What to expect from a possible Tier 5 lockdown - are restrictions likely to change?
As of 31 December, 44 million people – around three quarters of England – are now living under Tier 4 restrictions.
This is due to a continuous rise in coronavirus cases, despite the roll out of both the Pfizer and Oxford AstraZeneca vaccine.
So could we see a further tightening of restrictions, and what would the rules be in a Tier 5 lockdown?
This is what we know so far.
What is the likelihood of a Tier 5 being introduced?
Following the tightening of restrictions for over 20 millions English residents on New Years Eve, from Tier 3 to Tier 4, Boris Johnson said on January 3 that things will "probably about to get tougher", but has yet to announce what this could look like in practice.
Currently, there is no structured tier above level 4, so there is no obvious guide as to how this could look.
One thing is certain, despite most of the UK now experiencing the highest levels of lockdown, the infection rate continues to rise in England and other parts of the country.
Therefore, it might be necessary to increase restrictions to significantly decrease pressure on hospitals and A&E departments throughout winter, as president of the Royal College of Emergency Medicine Dr Katherine Henderson explained on 27 December.
She told BBC Breakfast: “The chances are that we will cope, but we cope at a cost - the cost is not doing what we had hoped, which is being able to keep non-Covid activities going.
“It is always challenging in winter, nobody would say that it wasn't, but at the moment the level of patient need is incredibly high.”
The next official tier review will be announced by the Prime Minister on Wednesday, 13 January
What restrictions would be in place under Tier 5?
While there has been no official mapping out of a Tier 5 - currently the highest official tier is level 4 - there are restrictions that we lived under back in March which have not yet been applied to this lockdown.
In Tier 4, schools can remain open, you are not limited to how many hours a day you can spend outside, and no one is being asked to shield.
Therefore, we could see a return to:
- School closures and online learning.
- A one hour allowance of exercise each day.
- Only being allowed to leave your home to shop for necessities such as food and medical supplies.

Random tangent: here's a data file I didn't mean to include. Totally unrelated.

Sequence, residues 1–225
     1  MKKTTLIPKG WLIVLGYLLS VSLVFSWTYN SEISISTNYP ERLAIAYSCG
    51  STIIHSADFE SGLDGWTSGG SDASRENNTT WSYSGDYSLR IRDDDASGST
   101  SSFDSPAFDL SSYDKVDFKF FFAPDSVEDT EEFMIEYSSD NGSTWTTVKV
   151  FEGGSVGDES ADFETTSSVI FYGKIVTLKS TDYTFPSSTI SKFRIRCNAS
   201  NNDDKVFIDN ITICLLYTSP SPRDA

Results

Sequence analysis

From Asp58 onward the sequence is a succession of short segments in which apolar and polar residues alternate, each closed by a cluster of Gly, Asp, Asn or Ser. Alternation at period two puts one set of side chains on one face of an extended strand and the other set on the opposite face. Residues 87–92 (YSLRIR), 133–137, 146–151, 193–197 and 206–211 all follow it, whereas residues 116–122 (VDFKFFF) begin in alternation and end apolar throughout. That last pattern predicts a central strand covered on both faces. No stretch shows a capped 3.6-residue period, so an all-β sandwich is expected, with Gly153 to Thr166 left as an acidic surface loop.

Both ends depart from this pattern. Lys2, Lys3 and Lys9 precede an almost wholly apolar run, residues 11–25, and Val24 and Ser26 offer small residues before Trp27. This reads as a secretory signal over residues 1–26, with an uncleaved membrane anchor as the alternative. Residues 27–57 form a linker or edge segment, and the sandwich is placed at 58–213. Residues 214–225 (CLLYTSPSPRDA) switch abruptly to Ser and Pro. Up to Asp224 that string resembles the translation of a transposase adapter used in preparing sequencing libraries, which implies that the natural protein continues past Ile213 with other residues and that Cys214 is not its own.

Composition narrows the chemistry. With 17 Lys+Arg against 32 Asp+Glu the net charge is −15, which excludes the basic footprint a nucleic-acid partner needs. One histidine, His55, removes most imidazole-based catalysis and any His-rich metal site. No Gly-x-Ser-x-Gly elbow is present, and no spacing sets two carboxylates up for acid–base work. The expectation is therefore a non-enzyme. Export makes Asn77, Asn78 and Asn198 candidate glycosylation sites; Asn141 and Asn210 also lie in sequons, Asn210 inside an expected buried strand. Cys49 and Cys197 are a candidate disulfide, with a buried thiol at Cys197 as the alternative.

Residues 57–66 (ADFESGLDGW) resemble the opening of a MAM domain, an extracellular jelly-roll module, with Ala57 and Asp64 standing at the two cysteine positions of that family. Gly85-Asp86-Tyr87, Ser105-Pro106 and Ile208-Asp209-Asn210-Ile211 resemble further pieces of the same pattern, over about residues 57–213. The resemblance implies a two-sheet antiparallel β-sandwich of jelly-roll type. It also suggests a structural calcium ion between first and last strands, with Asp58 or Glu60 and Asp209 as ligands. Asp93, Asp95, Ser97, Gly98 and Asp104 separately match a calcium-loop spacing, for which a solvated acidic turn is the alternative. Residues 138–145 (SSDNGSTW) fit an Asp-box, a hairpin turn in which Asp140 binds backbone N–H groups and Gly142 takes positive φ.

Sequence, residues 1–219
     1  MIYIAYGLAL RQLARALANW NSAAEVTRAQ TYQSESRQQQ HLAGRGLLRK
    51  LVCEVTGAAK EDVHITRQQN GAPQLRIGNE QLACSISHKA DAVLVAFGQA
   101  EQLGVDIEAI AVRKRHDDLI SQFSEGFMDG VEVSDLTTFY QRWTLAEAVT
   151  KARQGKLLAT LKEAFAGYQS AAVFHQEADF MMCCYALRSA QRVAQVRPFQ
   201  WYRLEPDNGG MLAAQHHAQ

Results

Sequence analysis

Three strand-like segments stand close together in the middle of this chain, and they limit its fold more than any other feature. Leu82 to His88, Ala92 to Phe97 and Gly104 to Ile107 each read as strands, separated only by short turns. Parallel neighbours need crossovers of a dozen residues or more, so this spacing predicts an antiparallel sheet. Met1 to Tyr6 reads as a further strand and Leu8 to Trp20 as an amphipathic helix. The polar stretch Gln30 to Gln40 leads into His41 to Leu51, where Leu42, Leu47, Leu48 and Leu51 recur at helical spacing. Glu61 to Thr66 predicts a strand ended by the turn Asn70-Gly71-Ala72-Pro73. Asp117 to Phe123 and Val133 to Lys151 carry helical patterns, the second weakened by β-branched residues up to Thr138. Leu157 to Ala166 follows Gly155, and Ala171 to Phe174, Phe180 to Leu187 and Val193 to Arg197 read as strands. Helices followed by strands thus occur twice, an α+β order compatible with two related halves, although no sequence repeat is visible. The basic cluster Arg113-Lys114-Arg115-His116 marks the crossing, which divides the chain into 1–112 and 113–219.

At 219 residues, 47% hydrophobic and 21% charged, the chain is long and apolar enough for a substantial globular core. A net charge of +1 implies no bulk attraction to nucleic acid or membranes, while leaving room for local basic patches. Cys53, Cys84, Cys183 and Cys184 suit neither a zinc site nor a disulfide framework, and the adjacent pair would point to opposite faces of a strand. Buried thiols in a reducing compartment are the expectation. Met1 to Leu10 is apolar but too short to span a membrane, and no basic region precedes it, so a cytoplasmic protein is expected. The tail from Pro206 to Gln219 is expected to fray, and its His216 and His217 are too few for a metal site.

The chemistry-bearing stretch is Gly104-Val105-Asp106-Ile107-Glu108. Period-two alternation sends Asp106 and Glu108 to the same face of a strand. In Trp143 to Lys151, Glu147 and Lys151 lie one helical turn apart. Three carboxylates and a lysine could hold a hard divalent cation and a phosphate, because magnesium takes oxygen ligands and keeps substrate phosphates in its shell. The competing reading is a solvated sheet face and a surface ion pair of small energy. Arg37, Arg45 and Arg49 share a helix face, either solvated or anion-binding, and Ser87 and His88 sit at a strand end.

- Travelling to second homes or holiday homes was also forbidden and hotels were closed.
This would be in addition to Tier 4 measures, which are:
- Only leaving home for essential journeys such as to school and work which cannot be done at home.
- Non-essential retail and beauty salons/hairdressers closed.
- Indoor entertainment venues closed.
- All indoor sports halls, gyms, and swimming pools closed.
- No social gatherings indoors unless they are with a member of your bubble.
- Only meeting one person in an outdoor public space if you are both alone.
- No travel into tiers which are above the tier you live in - Tier 4 residents cannot travel outside their local authority or abroad.
- Weddings and civil partnerships are banned except in exceptional circumstances.
Is it likely schools will close?
On 30 December, Education Minister Gavin Williamson announced that the government would delay secondary school returning until 18 January, in a bid to reduce the infection rate.
However, government advisory group SAGE has reportedly suggested keeping schools closed for a longer period during the festive break - as well as staggering the return of pupils to the classroom throughout January.
For the time being, English schoolchildren are expected to return between 4 January and 18 January.
Mr Williamson stated some primary school pupils would be the first to return, key workers’ children and vulnerable children will be prioritised, with secondary school not due back in the classroom until later in the month.
This was a u-turn from cabinet minister Michael Gove’s comments just two days prior, when he stated all students would be back by 11 January.